By collaborating on high standards in bilateral and global markets, rather than competing, the U.S. and EU can support more job creation on both sides of the Atlantic.
As the United States and the EU struggle to defend their respective market shares around the world, both economies are beginning to realize the benefit of working together, where possible, as collaborators rather than competitors. Such an approach can support increased exports and jobs, as well as influence other countries to adopt good regulatory practices and more open standard-setting processes.
A primary goal of the Transatlantic Trade and Investment Partnership (TTIP) is to align better the ways in which the United States and Europe develop their respective regulations and create standards, without sacrificing either side’s high level of health, safety, environmental and consumer protection. This effort has been mischaracterized as a “race to the bottom,” when in reality it is a “race to the top,” intended to promote high standards in bilateral and global markets.
Promoting greater regulatory compatibility in the right way can reduce unnecessary duplication of effort and costs. It can also make it easier for small and medium enterprises to expand and ship overseas because they often do not have the resources to maintain two assembly lines or build the same product to different US and EU specifications.
Sometimes this goal can be accomplished on a sector-by-sector basis – known as “vertical cooperation” — as is being done for such products as autos, chemicals, cosmetics, medical devices and pharmaceuticals. But there is also a strong need for greater “horizontal cooperation.” This means embodying key principles, such as transparency, stakeholder participation, and regulatory accountability, across the board in developing regulations and establishing sound regulatory practices.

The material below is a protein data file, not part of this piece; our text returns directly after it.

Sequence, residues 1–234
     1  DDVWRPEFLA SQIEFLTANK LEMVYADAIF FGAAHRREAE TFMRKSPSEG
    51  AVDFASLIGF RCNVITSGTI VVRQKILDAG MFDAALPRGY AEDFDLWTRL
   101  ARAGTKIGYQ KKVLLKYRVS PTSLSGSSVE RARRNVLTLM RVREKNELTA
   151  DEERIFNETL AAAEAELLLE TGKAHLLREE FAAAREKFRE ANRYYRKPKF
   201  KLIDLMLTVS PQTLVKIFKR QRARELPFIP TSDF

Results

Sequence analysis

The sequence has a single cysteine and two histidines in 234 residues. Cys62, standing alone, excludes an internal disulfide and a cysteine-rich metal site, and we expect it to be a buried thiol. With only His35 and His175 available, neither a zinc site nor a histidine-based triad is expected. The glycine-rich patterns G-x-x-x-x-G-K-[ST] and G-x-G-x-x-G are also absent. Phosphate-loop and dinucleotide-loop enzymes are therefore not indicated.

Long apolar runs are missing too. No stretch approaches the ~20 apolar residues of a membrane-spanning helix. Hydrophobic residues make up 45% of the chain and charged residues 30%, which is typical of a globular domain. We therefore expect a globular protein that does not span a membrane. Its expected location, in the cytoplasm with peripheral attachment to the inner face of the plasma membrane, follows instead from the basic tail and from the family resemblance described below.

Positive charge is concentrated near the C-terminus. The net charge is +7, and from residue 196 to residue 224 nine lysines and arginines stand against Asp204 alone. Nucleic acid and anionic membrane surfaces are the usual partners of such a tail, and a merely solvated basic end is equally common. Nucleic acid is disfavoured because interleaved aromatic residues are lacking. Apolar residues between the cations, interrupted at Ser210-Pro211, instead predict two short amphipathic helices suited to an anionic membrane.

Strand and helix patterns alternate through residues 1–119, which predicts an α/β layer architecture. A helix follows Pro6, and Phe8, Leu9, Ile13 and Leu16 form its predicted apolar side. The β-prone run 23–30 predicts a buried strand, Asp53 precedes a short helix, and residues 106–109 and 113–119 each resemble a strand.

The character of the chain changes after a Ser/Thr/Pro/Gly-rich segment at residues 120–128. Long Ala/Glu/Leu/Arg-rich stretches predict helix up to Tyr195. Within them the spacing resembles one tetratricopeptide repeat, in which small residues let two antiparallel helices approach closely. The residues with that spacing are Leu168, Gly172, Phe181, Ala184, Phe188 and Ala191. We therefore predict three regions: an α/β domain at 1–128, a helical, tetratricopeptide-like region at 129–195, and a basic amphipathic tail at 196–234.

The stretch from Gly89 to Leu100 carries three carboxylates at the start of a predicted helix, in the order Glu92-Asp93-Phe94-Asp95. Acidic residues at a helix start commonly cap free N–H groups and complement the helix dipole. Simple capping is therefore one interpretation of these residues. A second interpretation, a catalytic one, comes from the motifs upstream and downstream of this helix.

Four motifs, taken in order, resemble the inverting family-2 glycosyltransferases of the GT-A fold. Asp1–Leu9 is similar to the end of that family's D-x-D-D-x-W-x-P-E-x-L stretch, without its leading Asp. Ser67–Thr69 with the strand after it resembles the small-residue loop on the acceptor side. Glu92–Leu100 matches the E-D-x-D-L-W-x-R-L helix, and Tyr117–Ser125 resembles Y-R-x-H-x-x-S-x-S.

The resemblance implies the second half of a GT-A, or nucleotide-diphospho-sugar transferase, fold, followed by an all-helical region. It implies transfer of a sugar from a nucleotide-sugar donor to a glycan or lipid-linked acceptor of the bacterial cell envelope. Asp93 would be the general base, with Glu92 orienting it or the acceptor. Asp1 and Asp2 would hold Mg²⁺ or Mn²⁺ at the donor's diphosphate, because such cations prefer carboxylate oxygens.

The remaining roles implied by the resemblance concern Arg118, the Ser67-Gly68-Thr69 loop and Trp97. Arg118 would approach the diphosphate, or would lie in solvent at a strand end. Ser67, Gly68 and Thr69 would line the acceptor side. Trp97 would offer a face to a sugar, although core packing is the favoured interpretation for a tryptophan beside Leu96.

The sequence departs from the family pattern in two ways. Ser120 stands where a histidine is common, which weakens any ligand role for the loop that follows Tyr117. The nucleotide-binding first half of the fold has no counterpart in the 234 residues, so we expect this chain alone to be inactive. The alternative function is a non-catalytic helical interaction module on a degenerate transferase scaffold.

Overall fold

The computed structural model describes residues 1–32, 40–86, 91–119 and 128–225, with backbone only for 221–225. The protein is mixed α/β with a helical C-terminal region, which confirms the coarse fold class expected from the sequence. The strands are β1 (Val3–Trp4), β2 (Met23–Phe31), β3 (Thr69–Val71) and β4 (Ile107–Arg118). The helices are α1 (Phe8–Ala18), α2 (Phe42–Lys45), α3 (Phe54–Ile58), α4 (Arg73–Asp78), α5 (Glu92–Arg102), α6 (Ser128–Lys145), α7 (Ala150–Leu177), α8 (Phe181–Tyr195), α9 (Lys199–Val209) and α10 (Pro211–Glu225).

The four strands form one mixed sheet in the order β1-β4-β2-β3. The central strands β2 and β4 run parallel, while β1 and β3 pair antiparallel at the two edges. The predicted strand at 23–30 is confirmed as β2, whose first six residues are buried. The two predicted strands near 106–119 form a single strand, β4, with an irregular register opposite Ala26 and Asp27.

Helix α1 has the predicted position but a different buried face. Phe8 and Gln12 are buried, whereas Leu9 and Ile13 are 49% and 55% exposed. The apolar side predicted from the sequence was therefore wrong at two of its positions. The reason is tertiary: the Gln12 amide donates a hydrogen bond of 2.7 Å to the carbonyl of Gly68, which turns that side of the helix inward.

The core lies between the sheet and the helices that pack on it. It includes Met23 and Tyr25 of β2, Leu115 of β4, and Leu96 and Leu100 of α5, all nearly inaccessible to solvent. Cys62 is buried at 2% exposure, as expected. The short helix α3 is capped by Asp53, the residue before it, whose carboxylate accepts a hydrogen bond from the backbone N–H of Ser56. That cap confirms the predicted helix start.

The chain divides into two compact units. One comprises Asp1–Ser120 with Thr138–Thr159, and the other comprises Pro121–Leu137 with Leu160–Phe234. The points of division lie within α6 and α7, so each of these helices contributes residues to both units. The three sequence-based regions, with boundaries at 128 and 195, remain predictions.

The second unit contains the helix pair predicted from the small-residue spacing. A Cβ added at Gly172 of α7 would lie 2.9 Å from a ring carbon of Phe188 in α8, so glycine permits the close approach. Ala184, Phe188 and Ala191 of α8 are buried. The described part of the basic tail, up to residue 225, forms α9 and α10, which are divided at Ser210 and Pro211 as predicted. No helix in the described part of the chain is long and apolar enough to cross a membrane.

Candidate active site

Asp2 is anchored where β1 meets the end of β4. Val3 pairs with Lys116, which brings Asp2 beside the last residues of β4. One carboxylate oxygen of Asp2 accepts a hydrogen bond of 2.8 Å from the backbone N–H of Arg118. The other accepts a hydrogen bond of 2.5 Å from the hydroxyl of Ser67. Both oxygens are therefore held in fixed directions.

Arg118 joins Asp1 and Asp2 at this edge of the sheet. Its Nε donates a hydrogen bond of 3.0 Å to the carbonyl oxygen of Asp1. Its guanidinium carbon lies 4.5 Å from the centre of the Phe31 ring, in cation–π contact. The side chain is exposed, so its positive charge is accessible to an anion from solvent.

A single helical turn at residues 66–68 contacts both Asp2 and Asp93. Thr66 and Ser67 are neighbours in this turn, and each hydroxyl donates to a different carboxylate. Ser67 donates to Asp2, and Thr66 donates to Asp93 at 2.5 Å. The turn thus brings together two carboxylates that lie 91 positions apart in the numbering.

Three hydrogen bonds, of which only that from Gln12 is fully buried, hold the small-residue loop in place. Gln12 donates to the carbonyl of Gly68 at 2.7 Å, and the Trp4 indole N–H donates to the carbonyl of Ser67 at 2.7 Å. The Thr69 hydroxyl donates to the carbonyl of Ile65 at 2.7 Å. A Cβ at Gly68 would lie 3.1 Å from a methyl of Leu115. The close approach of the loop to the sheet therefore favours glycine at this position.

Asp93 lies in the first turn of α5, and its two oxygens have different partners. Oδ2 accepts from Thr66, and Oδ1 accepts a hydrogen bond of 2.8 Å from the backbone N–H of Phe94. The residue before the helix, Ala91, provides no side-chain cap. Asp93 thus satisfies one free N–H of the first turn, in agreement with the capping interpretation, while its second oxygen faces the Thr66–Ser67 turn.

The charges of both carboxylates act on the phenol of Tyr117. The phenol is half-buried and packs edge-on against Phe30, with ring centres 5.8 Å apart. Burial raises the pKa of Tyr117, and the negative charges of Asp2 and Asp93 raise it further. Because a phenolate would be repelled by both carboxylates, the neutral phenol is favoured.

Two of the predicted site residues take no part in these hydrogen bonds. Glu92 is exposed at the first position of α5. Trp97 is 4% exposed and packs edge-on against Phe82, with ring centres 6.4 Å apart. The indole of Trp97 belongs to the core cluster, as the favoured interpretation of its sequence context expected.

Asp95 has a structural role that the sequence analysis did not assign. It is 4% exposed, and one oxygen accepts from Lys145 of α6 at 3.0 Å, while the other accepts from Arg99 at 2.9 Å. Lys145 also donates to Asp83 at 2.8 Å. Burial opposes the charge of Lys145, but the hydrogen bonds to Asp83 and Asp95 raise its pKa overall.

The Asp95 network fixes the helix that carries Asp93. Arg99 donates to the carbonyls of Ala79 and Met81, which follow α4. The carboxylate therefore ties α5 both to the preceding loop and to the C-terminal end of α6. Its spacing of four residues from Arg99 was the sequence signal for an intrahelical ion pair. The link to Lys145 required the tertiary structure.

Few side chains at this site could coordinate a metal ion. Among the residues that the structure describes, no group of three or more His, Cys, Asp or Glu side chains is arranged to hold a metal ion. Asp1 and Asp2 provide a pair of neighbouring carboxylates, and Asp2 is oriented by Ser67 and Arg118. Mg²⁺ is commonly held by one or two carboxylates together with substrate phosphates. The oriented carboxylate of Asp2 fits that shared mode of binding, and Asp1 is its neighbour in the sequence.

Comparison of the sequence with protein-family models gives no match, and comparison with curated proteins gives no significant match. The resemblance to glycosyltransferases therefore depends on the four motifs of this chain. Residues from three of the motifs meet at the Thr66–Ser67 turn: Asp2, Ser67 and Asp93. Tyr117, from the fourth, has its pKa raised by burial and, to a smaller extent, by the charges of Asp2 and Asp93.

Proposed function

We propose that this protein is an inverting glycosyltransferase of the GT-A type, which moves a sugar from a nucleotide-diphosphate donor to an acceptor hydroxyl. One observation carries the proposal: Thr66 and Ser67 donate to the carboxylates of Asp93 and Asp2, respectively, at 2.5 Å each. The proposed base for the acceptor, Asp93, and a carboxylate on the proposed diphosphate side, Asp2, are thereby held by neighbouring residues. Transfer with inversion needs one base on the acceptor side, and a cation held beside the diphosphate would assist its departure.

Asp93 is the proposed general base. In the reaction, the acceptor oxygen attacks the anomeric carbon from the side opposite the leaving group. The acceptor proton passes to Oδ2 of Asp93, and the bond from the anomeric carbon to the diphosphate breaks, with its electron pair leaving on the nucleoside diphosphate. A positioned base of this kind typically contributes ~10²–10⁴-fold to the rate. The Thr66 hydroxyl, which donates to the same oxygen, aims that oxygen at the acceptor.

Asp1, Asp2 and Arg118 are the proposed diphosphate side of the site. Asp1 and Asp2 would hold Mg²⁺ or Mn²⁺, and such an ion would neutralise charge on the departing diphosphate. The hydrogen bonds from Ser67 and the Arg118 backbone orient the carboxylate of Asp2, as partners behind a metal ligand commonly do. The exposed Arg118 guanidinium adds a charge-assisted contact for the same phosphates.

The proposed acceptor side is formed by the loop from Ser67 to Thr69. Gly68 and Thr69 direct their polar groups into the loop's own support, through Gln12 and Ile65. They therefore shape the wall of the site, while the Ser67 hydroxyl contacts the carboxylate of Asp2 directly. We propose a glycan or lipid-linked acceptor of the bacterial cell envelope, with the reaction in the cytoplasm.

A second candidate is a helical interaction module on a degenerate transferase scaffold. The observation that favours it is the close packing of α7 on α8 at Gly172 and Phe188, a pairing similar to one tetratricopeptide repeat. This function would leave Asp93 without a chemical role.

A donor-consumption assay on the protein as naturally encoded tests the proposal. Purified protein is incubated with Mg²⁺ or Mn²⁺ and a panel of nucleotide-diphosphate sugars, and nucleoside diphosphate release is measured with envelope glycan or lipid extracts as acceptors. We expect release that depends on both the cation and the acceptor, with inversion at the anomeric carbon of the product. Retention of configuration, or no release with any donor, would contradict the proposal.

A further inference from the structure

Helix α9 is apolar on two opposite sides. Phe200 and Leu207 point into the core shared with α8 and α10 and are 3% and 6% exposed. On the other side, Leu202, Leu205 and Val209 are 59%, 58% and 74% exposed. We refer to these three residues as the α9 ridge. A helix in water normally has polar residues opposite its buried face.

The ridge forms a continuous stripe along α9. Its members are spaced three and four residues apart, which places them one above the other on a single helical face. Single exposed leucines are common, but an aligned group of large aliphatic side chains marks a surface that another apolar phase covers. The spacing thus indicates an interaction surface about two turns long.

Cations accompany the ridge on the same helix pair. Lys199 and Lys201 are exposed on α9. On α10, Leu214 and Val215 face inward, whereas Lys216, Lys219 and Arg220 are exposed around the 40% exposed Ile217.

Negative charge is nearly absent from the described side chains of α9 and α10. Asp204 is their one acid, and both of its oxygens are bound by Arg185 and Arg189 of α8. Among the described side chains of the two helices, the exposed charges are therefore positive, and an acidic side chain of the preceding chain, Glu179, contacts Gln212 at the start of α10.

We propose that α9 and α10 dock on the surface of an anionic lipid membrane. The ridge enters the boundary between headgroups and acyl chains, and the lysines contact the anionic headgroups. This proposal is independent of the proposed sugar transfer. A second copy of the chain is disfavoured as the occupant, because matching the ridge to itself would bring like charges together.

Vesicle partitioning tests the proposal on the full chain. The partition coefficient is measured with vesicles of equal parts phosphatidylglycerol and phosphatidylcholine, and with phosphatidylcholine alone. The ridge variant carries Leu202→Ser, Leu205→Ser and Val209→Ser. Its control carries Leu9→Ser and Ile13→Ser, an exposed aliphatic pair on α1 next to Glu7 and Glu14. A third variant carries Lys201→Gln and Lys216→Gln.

Allowing adequate opportunities for public comment by all stakeholders, whether domestic or foreign, on proposed regulations gives regulators a wider perspective and can lead to more innovative and responsive decision-making. The EU’s recently released text for a proposed chapter on regulatory cooperation reflects a number of these elements and is an encouraging step forward. Likewise, opening up the standards development and certification processes to broader participation, regardless of residency, can help US and EU manufacturers and service providers collaborate to control costs and compete more effectively in other markets.
TTIP embodies the vision of improving regulatory cooperation without lowering high levels of health, safety, environmental and consumer protection. It also holds out the promise of creating stronger cooperation on global challenges, such as tackling anti-competitive behaviour from state-owned enterprises and harmful labour and environmental practices.
If the negotiation is successful, a more integrated transatlantic market of 800 million consumers will provide a significant economic boost, including improved competitiveness, increased exports and new jobs on both sides of the Atlantic. It would place both the United States and the EU squarely at the forefront of efforts to advance broader market liberalization, prodding partners near and far to join forces.
The challenges are significant, but so are the potential benefits.
This column has been excerpted from The Geopolitical Impact of TTIP: A Transatlantic Fortress or an Open Platform? report, published by the Istituto Affari Internazionali (IAI) in May 2015.
(Top image: Courtesy of Thinkstock)
Miriam Sapiro is a Nonresident Senior Fellow in the Global Economy and Development program at the Brookings Institution and a Principal at Summit Strategies International. Ambassador Sapiro served as Deputy U.S. Trade Representative from 2009 to 2014, where she led negotiations and enforcement with countries in Europe, the Middle East, North Africa and the Americas, and oversaw initiatives on services, investment, industrial competitiveness, intellectual property and innovation, labor and small business.